Taking a page out of ESPN’s playbook

Book publishers would be wise to study how ESPN is reinventing broadcast television

If you missed this recent BusinessWeek article about ESPN you owe it to yourself to go back and read it. ESPN is so much more than just a sports network and their brilliant strategy offers plenty of lessons for publishers. Here’s just one important indicator of their success: While the average network earns about 20 cents per subscriber each month ESPN is paid $5.13. That’s more than 25 times the average!

Pay for One, Access All

Of course ESPN isn’t just one channel. It’s a family of channels (e.g., ESPN, ESPN2, ESPNU, ESPN Classic, etc.) If you’re a subscriber to any one of those channels you’re able to watch all of them online via the free WatchESPN app. That means no matter where I am I can catch anything on the ESPN network on my tablet, even those channels I don’t get via cable.

Think about that for a moment. That would be like buying one ebook but getting access to the entire series it’s part of. That’s unheard of in book publishing. It’s also pretty unusual in network broadcasting but ESPN is ahead of its time. When I stream those channels on WatchESPN they’re commercial-free; a static logo appears during commercial breaks. That’s because ESPN hasn’t sold the advertising rights to the streaming broadcasts…yet. They’re willing to stream everything now, even without advertising income, to build a nice solid base to lure those advertisers to the table. Smart.

Building Talent Franchises

The article talks about Bill Simmons and how the network has turned him into a superstar. So when Simmons had the idea to create Grantland he brought the concept to ESPN to see what they thought. Rather than watching Simmons go off on his own and create something that might compete with them they launched Grantland with him using their ESPN Internet Ventures arm.

When this scenario plays out in the publishing world it usually ends with the author taking the idea somewhere else, often to a self-publisher. It’s clear ESPN is willing to take more risks than the typical book publisher, even if it might lead to cannibalization. As the saying goes though, it’s better to eat your own young than to let someone else do it.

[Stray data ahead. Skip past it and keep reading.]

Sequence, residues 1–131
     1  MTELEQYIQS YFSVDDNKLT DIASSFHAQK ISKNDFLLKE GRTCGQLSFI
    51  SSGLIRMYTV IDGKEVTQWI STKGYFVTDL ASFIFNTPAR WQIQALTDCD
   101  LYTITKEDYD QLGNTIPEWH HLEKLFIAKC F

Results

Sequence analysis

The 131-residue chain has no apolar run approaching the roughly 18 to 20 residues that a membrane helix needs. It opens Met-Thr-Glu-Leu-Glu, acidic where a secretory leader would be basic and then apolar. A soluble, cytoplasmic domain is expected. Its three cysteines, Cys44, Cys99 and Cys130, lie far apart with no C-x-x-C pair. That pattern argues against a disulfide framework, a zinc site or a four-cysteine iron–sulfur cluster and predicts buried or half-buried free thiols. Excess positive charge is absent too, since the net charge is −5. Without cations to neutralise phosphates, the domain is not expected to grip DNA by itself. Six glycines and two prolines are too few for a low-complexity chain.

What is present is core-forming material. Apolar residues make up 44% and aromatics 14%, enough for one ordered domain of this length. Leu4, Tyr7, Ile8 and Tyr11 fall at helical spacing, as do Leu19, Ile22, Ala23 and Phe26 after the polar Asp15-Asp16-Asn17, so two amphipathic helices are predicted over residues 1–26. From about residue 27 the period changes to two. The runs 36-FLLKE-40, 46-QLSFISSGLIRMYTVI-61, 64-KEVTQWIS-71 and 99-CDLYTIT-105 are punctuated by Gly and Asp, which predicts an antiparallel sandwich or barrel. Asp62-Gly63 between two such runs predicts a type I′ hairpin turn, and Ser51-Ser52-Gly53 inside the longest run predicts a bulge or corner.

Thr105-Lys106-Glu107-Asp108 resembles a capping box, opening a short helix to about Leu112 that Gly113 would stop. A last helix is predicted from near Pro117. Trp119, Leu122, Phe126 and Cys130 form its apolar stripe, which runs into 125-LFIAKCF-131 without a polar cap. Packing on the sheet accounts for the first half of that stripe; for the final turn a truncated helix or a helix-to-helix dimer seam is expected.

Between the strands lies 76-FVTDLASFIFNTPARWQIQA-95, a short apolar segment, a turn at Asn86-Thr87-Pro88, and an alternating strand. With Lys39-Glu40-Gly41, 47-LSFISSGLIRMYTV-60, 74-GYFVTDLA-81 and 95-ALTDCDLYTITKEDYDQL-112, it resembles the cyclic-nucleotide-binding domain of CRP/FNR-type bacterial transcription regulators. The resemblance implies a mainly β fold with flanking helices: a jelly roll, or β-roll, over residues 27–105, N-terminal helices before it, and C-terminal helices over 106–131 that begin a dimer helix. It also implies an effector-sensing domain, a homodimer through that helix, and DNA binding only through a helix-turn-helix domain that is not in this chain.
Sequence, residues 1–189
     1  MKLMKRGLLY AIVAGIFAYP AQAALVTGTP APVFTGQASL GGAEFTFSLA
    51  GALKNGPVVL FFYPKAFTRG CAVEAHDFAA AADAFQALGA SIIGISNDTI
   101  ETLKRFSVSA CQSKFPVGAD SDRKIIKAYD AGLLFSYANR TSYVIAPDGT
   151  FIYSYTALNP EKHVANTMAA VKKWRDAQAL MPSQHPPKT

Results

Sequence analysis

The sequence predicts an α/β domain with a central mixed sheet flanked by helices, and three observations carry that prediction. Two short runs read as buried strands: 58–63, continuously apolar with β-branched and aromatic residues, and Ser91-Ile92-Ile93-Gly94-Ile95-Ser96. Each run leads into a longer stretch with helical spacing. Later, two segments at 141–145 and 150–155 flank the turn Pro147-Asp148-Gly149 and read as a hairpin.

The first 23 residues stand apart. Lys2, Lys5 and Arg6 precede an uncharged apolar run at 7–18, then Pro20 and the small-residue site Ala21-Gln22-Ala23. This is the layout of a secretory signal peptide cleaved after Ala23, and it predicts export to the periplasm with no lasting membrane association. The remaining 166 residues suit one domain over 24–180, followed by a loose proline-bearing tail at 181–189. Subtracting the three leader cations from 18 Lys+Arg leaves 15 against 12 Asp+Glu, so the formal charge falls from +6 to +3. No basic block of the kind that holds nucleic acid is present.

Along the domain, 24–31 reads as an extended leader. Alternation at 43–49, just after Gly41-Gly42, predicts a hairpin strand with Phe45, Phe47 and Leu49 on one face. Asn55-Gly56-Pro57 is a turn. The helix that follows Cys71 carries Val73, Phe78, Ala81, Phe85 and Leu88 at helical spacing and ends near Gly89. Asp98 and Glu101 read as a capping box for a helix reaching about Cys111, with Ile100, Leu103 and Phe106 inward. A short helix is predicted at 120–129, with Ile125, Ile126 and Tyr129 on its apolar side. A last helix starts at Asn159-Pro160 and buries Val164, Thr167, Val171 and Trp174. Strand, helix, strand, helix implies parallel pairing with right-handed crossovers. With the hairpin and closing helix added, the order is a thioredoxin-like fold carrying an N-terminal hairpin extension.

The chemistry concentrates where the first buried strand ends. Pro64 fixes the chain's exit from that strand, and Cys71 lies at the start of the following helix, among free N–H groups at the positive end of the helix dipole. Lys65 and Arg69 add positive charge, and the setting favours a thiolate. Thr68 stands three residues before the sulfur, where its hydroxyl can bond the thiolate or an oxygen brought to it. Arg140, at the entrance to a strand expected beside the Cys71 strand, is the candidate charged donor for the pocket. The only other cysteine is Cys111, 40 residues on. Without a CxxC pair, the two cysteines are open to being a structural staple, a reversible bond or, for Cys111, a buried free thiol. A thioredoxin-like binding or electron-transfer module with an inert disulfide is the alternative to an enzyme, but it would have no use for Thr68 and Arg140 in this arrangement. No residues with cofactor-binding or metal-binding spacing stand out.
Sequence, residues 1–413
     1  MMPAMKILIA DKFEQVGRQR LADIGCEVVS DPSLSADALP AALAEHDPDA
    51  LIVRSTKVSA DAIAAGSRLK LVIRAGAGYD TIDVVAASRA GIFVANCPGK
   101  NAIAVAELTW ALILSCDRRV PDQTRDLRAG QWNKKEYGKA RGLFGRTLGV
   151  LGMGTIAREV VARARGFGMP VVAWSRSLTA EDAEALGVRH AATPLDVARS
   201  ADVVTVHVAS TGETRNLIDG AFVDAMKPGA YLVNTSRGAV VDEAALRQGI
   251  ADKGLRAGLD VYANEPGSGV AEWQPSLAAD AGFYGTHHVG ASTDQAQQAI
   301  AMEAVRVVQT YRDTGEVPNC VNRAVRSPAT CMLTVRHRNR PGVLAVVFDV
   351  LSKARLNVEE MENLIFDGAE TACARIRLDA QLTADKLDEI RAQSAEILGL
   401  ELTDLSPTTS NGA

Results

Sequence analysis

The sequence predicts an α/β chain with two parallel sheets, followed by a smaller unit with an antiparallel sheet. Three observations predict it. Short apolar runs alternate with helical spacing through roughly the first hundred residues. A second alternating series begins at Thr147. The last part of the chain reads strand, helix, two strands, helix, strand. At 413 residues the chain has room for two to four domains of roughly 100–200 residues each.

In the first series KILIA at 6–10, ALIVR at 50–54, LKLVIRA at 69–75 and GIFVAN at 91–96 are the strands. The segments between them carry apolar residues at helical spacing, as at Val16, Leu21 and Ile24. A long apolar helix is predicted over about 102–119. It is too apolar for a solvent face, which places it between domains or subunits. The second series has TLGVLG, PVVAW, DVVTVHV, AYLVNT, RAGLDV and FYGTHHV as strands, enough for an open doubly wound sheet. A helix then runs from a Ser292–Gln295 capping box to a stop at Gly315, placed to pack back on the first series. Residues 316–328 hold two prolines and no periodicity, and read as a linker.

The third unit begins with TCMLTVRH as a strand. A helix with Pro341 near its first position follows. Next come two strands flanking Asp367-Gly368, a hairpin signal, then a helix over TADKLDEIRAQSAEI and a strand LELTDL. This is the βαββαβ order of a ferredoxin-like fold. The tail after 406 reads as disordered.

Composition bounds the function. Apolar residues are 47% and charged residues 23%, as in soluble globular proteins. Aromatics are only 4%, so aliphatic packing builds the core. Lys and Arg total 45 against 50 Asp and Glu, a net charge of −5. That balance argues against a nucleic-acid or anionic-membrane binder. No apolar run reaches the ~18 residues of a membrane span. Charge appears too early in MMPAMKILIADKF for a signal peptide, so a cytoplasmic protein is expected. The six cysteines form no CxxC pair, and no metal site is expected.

Memorable Quotes

This article is loaded with plenty of interesting observations but my favorite quotes are the following:

I have friends who work at Google, and they are beating their chests. ESPN, they never feel like they are at the mountaintop. They’re always thinking they can do something bigger.

He stresses ESPN’s multi-platform advantage: print, radio, broadcast television, cable television, Internet, mobile applications. To date there are no competitors who have assets in all those media.

I don’t think you’ll find a lot of hubris here. Or complacency. I don’t think there’s any sense of trying to protect what we’ve got. We’re going to try new things.

Meanwhile, most book publishers today seem content with high growth rates (off small bases) for what’s nothing more than quick-and-dirty print-to-e conversions. There’s certainly not much happening in the multi-format, multi-channel world ESPN is pioneering.

Think this advice only applies to the world of television? If so, look at how Rosenfeld Media is reinventing and repositioning itself for the future.

What’s your opinion? Do we need to think more like ESPN? And can you name any publishers who are breaking away from the pack and creating some really innovative, multi-channel products?

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